A: The Community rotation is usually the final four weeks of the internship. Since UK and VA are high level acuity trauma centers, we lack the ability to show the interns what small hospitals, county health departments, WIC clinics, etc. do on a daily basis. During Community, interns live in a more rural environment within the community. Housing is provided for the interns during this month long rotation. Experiences may include diabetes cooking classes, school lunch programs, retirement facilities, WIC experiences and all other teaching opportunities. This is a unique opportunity for the interns and is often their favorite month of the internship.
Q: What is a typical day during the internship?
A: Interns work the same schedules as their preceptors. Typically a day
with the preceptor is 8 a.m. - 4:30 p.m. Some preceptors work earlier shifts,
but the day with the preceptor is generally eight hours. During the work day,
interns provide patient care with the preceptor and complete nutrition
assessments, follow-up notes and education sessions. After a day at the
hospital, interns will have between three and four hours of homework and
projects each evening. This is definitely not an 8 a.m. - 5 p.m. internship.
Q: Do interns meet for class?
A: Interns have class once a week for approximately 1.5 hours. The director uses class time to cover topics
that will prepare the interns for upcoming rotations and/or future career
opportunities. It is also a time for the
group to touch base, talk about how things are going, and address any questions
Q: How much autonomy will I have with my preceptor?
A: The preceptors are by your side during the first month or two, depending on your needs. As the internship progresses and your confidence, knowledge and abilities increase, so does your autonomy. The final three weeks of the internship before the Community rotation is Staff Relief where you will actually take over patient assignments for the preceptors.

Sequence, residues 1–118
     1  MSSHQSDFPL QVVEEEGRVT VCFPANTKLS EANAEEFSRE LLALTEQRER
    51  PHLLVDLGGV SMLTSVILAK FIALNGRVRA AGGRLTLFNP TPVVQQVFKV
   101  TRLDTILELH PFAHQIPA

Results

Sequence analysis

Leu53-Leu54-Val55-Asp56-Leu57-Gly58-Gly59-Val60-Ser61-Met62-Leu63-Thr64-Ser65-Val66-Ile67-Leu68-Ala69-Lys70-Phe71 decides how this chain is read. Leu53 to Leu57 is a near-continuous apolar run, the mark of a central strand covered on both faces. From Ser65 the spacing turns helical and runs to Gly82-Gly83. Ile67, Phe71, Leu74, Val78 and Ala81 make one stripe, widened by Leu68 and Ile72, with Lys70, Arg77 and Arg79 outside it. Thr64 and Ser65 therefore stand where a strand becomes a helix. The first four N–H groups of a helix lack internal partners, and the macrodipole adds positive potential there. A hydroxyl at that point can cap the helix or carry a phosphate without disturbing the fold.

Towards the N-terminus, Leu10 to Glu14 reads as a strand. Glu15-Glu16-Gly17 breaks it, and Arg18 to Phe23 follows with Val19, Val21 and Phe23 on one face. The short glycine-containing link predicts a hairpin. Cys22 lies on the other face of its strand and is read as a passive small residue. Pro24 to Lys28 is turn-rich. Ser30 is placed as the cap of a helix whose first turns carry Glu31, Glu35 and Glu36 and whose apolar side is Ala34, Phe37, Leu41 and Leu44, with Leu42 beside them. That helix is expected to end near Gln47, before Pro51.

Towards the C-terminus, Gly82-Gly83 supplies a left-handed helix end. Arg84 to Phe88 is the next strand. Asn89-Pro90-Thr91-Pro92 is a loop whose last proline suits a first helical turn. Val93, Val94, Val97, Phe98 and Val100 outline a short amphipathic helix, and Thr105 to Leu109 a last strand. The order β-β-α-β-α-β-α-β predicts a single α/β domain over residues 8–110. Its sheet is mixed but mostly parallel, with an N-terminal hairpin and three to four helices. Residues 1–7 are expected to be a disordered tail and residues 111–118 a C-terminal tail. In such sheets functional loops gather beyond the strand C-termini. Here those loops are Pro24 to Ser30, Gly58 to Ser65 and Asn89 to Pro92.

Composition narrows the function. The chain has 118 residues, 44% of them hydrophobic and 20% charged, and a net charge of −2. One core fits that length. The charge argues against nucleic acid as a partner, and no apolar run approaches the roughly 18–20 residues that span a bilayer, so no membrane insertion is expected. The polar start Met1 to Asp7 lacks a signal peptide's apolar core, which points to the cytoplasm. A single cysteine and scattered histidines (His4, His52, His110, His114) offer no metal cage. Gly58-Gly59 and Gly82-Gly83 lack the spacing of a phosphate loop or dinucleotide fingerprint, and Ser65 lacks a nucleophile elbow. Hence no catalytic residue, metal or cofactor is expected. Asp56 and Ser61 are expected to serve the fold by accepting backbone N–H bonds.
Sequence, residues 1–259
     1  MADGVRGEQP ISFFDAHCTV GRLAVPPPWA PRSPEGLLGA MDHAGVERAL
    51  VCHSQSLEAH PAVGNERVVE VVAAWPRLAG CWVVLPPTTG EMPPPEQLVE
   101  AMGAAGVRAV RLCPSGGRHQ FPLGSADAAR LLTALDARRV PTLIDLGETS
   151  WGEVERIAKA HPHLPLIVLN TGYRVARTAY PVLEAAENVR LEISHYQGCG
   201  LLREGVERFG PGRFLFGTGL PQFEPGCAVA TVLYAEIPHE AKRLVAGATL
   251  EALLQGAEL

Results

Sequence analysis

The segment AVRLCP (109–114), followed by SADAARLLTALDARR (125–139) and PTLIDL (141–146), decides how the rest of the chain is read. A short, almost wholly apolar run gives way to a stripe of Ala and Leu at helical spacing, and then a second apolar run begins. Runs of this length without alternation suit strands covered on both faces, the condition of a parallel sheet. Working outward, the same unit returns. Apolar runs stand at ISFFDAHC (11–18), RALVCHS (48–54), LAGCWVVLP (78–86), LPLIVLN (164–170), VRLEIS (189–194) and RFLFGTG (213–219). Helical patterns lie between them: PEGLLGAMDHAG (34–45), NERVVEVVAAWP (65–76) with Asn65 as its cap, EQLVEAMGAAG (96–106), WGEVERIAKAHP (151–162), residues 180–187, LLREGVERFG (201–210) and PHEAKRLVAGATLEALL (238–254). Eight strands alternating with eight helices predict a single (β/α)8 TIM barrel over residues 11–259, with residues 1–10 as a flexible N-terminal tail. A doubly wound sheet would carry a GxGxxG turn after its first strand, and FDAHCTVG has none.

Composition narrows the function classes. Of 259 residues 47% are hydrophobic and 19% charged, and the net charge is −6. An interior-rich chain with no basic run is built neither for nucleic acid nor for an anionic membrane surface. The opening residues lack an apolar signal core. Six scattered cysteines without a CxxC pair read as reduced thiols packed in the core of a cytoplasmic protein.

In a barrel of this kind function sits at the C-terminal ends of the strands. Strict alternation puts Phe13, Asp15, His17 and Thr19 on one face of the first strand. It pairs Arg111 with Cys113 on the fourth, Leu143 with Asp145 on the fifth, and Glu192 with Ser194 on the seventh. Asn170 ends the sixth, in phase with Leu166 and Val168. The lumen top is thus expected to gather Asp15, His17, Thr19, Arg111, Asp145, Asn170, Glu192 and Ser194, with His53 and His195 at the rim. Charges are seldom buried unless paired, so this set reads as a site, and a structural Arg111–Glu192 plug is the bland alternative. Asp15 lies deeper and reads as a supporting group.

Q: Do interns get to attend professional meetings?
A: Yes! The interns have the
opportunity to attend local and state Academy meetings.
Q: Do interns work on weekends?
A: Not typically; the general work schedule is Monday through Friday.
Q: Can interns have a job during the internship?
A: No, outside employment is not allowed during the internship. We do not charge tuition and we offer a stipend of about $5,300 so that should be helpful with expenses.
Q: Is there any scheduled time off during the internship?
A: There is one week scheduled for vacation during the Christmas season.
Q: Are interns responsible for their own living arrangements?
A: Yes, interns make their own arrangements for living facilities. They will be on a list serve with other members of their intern class and can arrange to live with another student if they wish. They can contact the Lexington Chamber of Commerce for specific information about apartment complexes.
Q: Do you offer a review course for the Credentialing Exam for Dietitians?
A: We do not offer or require a review course for the RD Exam. We leave the decision on whether to take a
review course up to the individual intern, however we highly recommend our interns take one. Review courses teach for the exam, while our internship prepares graduates for an entry-level position.